By Barbara Bohn on 12/4/2017
Karim Alibhai has extensive hotel experience: Acquisitions. Development. Driving the airport shuttle.
The 53-year-old Alibhai, principal of Miami-based Gencom, founded his company in 1987 but had worked at his family’s Best Western hotel in Houston, where he’d finished college, “doing almost every job,” he said.
By 1997, Gencom, a hospitality and residential real estate investor and developer, asset manager and marketer, had grown to own or part-own 50 3- and 4-star hotels in the U.S. with a portfolio topping US$200 million. As it grew, it increased in stars and territory, acquiring and repositioning hotel and mixed-use assets including Ritz-Carltons, where he developed the brand’s first residences.
Today, the portfolio includes five Ritz-Carltons, among other luxury flags, and Gencom assets are valued at more than US$1.5 billion.
But Gencom’s most ambitious move was announced in August 2016: 1,400 acres of Peninsula Papagayo, on Costa Rica’s Pacific coast. The acquisition, from a private foundation, included an 18-hole golf course and clubhouse, 180-slip marina, beach club and 181-key Four Seasons, whose minority owner was Four Seasons Hotels and Resorts.
That initial purchase totaled about US$250 million; the Four Seasons has undergone a US$35 million renovation due to be complete this month, and another US$95 million will been spent on other improvements across the peninsula.
That’s not all: In October, Gencom purchased the 153-room Andaz Costa Rica Resort on the peninsula from a private family. Other development plans include additional residences and at least two other brands, all luxury.
“What we hope to ultimately create is (has) no matching development in the world with all the components that we’re trying to announce very soon and create in one development,” Alibhai said. “We believe that if we can finish what we have got in our master plan, it would be unrivaled with any of these other situations.”
He’s not looking to replicate Papagayo elsewhere. “It’s not a one-size-fits-all kind of approach,” he said.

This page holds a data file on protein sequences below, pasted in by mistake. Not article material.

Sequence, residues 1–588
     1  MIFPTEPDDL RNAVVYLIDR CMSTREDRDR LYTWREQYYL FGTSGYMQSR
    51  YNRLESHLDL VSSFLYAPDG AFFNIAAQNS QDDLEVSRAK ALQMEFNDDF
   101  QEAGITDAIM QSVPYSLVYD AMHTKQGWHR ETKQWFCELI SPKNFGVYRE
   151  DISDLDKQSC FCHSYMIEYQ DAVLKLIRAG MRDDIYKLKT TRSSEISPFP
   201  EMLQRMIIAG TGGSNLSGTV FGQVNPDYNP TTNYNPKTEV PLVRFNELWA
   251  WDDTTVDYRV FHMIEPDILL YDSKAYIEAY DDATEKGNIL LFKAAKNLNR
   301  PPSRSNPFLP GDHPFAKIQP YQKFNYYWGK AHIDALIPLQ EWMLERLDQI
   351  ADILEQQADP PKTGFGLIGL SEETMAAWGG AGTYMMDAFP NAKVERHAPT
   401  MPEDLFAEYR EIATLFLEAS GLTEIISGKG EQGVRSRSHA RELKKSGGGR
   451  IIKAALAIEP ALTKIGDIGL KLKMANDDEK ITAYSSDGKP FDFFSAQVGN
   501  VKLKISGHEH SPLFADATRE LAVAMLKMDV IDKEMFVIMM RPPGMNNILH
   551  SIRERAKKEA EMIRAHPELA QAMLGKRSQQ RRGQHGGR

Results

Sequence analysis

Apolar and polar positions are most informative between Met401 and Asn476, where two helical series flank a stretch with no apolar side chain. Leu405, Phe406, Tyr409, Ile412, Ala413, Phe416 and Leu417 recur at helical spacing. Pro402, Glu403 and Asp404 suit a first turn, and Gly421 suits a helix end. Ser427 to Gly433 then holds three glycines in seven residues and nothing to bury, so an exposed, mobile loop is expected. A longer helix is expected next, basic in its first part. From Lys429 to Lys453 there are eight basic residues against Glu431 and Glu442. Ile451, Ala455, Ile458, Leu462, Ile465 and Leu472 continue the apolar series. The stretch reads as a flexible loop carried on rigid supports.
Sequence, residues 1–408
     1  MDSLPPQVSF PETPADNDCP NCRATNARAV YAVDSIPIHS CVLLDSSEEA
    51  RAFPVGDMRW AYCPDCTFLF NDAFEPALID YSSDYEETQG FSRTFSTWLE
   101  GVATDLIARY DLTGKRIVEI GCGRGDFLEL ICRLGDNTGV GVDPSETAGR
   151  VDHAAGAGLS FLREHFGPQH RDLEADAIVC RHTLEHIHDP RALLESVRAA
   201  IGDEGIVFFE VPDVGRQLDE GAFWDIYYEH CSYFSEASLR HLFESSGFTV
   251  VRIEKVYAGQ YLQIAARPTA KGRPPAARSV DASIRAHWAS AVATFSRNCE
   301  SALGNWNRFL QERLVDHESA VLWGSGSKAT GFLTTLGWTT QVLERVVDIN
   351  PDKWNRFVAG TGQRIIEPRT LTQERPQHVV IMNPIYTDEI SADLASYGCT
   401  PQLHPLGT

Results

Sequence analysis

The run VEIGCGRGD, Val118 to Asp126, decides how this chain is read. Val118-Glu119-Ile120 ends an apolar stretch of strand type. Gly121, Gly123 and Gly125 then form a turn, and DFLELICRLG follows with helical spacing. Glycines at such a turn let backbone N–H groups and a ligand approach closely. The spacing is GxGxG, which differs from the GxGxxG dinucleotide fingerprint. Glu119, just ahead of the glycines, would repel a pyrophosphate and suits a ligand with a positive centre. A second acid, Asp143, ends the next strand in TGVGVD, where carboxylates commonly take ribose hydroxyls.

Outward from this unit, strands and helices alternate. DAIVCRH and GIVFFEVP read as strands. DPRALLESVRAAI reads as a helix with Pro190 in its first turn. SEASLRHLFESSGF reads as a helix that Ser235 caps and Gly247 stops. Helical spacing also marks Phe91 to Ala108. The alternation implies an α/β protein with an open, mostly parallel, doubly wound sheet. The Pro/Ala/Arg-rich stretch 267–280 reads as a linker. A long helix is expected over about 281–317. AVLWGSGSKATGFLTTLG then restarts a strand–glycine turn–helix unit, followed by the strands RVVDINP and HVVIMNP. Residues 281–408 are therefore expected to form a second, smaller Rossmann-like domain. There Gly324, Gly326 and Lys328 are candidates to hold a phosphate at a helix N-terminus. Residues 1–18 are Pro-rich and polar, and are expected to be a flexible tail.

While Papagayo lacks perfect comparisons, the acquisition is consistent with Alibhai’s recent investment strategy. Gencom’s history includes “ground up, day one” projects and distressed or mismanaged properties with hidden potential.
“Someone had spent a fortune 15 years ago creating the infrastructure, creating a destination,” he said of Papagayo, hobbled by the 2008 recession, which he called “a jewel that needed to be polished,” with all the makings of a successful long-term play.
April’s purchase out of receivership (of about US$60 million, according to sources) of the 88-room Tucker’s Point Hotel & Resort, a Rosewood brand in Bermuda, is another example. Gencom is investing millions to renovate and add residential.
“What we prefer to do is go find the best site, the best land or the best buildings and then work with one of these luxury brands and convert to them… If we’ve got the right start with real estate, they have the engines to make it very successful.” — Karim Alibhai
What Alibhai saw in Bermuda was a precipitous drop in available hotel rooms, a world-class location and resort, and a basis that “made a lot of financial sense to make that kind of investment to take it to the next level,” he said. Gencom is willing to invest even though “one could say this was the eighth, ninth or 10th inning of this recovery cycle.”
“In the past, Karim was a true private-equity guy, a true development guy,” said Homi Vazifdar, CEO and managing director of Larkspur, California-based Canyon Equity, which owns 42 acres of Peninsula Papagayo. “He’s come around to more of a generational owner as opposed to a hit-and-run owner.”
At press time, Canyon Equity was negotiating with an ultraluxury brand on the peninsula (it’s not working with Gencom on the project). Papagayo is “very ambitious,” Vazifdar said. “They bought a village. And it’s sort of a labor of love.”